City Dwellers

Ga people

From OSU Clottey to Danfa, from Kasoa Nyanyanor to Afienya

From the Nkrumah overhead bridge to Sodom and Gommorah

Under makeshift canopies, sleeping on carton-made beds

You will find them, tattered, hungry, desolate and abused

The street is their home, protecting their territories like a pack of lions

Some are innocent, dragged into this harsh life by circumstances

Their fate is sealed, destiny derailed, the once glimmer of hope shattered

Subject to the harsh realities of life, some have become brigands

Petty traders by day, machete and AK 47 wielding robbers by night

The street has taught them, made them immune to emotions

Survival instincts heightened, evil thoughts run amok in frenzy

“Man must survive”, that is their motto, “f$$k the law”, they always say

They once had hope, false hope induced by thieving politicians

Some were foot soldiers, promised a better life once their party came to power

They were rejected, paper qualifications were demanded, their hopes shattered

In their own little world, they felt rejected by society, they felt betrayed

Their women could be seen at night, in skimpy clothes, awaiting clients

From Soldier Bar to Kwame Nkrumah Circle, from Cantonments to Achimota

You will find them hiding in dark corners, making sexual suggestive moves

All in attempts to waylay men with loose morals, men with huge libidos

Cheap Abidjan perfume can be smelt on them, chewing on gum like a regurgitation sheep

The hassle over price begins, the customer is always right; against their wish they have to comply

At least, it will enable her make a saving to her “susu” account; she has hungry mouths to feed

From the obscure location at Nima, a young boy with hopes and dreams sit in a cyber café

Throwing baits at the thieving and greedy “Mugus”, plans well crafted, plan known as THE FORMAT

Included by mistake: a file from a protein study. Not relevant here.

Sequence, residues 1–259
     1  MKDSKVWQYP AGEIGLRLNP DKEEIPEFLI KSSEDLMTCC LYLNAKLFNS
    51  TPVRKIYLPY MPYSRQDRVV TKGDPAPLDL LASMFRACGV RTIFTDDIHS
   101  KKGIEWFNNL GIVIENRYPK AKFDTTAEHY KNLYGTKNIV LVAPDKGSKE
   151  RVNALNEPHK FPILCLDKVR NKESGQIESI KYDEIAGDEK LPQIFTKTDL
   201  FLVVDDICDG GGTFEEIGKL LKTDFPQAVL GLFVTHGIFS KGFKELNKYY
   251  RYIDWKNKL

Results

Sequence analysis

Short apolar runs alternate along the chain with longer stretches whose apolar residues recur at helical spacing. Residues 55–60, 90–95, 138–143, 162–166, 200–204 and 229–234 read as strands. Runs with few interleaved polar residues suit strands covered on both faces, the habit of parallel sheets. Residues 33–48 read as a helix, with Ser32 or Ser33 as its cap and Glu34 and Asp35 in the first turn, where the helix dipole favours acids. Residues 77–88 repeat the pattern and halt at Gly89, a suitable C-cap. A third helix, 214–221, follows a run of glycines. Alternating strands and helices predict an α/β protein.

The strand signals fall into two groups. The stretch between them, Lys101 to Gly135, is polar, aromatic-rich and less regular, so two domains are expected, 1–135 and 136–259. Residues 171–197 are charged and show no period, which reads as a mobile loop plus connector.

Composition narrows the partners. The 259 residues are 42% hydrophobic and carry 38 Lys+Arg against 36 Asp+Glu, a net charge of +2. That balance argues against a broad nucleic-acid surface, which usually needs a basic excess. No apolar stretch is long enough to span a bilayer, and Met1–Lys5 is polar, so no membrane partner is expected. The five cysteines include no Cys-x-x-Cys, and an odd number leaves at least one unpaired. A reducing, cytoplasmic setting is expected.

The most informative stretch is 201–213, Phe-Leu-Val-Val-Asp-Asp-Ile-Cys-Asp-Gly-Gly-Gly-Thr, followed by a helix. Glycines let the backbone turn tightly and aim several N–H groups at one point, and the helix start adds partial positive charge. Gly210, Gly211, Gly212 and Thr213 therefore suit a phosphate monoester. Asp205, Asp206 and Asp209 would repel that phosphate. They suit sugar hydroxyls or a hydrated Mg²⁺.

He has hope of making it big, riding in Toyota Corollas with his hommies

Life is too short, “all die be die”, refuse to be broke, that is what keeps them going

To him, education is just a fairy tale; he must survive no matter what

From the noisy Kaneshie bus station, bus conductors can be heard hollering

“More passengers more chobo”, he always says to fellow bus conductors

Stuffy “trotros”, acrid and pungent stench from some passengers’ armpits

Pastors with loud speakers on full blast, assuring the populace of salvation

Offertory bowls bigger than deep freezers; the Lord loves a cheerful giver

Speaking of prosperity, breakthroughs, evil spirits, visas and marriage

“Accra stay by plan”, the hopes they had to remit home once they made a decent living shatters

From another end, in plush restaurants and pubs, the elites party their hearts out

Bottles of expensive Moet, Hennessey, Courvoisier and Champagnes are adored

Life is lived in the fast lane; poverty never exists in their dictionary

Gold digger women are their friends, love never existed, and it’s all about the kwacha

Pride and arrogance are their banes, talking big, with swagger like hip-hop artistes

Osu Oxford Street is their second home, the place where the rich party and dine like heaven

Licking on ice creams and chewing dead chickens, sign of good living they always say

These are the city dwellers, some fortunate, others unfortunate

Life has never been fair, life has never been equal, life has no mercy

At night we all go to bed, to be awakened by the morning’s light

The struggle continues, the hustle begins, it’s a repetitive vicious cycle

It never ends, it never reduces, it stays the same, life of a city dweller.

Where do you belong? Where do you stand, in life’s untamed waves where does your ship sail?

via Quophy Appiah Obirikorang

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